PARIS, May 13 (UPI) — The European Space Agency says European science and manufacturing is keeping the International Space Station in operation.
“Already now, more than a third of the pressurized station elements are built and designed in Europe and European knowhow is keeping station in operation,” Simonetta Di Pippo, the ESA’s director of human spaceflight, said.
Additional spare parts from Europe will be aboard space shuttle Atlantis, scheduled to lift off Friday on its final planned mission to the space station.
Included will be spare portions of the European Robotic Arm, scheduled for launch in 2012. The space agency said it will be the second “intelligent” robot arm for the space station. The first, used for ISS assembly for nearly 10 years, is Canadarm-2.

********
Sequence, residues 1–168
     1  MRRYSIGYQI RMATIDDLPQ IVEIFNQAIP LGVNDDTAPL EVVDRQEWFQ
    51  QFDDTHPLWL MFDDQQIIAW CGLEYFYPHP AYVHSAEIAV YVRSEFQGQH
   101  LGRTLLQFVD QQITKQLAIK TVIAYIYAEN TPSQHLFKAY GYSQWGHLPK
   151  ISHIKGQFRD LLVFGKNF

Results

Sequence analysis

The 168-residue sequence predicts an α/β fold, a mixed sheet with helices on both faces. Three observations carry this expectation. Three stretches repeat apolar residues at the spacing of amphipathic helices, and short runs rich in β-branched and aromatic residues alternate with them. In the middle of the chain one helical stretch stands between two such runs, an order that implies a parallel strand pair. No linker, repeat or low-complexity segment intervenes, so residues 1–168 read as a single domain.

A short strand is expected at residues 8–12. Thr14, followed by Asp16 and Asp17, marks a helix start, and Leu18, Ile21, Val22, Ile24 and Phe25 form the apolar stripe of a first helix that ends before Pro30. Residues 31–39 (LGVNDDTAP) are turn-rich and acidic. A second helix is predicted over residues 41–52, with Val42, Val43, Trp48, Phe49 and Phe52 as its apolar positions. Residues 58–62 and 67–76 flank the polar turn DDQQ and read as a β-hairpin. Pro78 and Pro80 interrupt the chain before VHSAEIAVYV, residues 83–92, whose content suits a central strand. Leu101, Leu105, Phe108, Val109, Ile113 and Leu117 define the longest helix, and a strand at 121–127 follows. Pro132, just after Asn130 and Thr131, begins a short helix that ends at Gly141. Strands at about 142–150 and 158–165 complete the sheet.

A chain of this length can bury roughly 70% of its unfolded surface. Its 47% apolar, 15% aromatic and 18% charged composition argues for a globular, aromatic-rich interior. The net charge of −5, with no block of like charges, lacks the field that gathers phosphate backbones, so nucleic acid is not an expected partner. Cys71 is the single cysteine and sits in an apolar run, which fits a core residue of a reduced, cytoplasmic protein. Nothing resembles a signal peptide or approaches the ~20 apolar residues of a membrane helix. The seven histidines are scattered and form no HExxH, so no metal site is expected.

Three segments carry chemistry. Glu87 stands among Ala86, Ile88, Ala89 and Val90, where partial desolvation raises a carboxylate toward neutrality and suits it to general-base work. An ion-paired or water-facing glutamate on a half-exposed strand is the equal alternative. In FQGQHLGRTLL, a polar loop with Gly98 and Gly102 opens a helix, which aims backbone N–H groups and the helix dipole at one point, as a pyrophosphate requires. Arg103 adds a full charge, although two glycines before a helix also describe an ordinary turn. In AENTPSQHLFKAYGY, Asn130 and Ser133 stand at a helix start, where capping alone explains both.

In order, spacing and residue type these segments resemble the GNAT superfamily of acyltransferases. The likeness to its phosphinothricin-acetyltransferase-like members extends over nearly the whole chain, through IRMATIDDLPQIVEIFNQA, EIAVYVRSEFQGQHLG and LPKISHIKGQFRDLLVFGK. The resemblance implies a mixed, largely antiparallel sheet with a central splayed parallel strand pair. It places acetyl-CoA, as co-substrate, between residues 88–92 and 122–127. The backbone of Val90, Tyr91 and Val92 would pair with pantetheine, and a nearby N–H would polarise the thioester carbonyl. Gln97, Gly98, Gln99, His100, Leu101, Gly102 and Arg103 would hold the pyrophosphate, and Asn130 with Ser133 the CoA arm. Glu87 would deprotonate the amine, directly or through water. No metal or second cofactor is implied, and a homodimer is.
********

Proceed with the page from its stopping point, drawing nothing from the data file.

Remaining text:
The European arm will be used to service the Russian segment of the ISS and to transfer small payloads directly to space via a special airlock, liberating astronauts from time-consuming, fatiguing and potentially hazardous tasks outside the station, ESA scientists said.
The European arm’s other spare parts can be delivered later on smaller, unmanned craft, but the ESA said the long and bulky composite of two limbs and elbow joint needed the shuttle’s help.
Atlantis was to lift off from the Kennedy Space Center in Florida at 2:20 p.m. EDT Friday.
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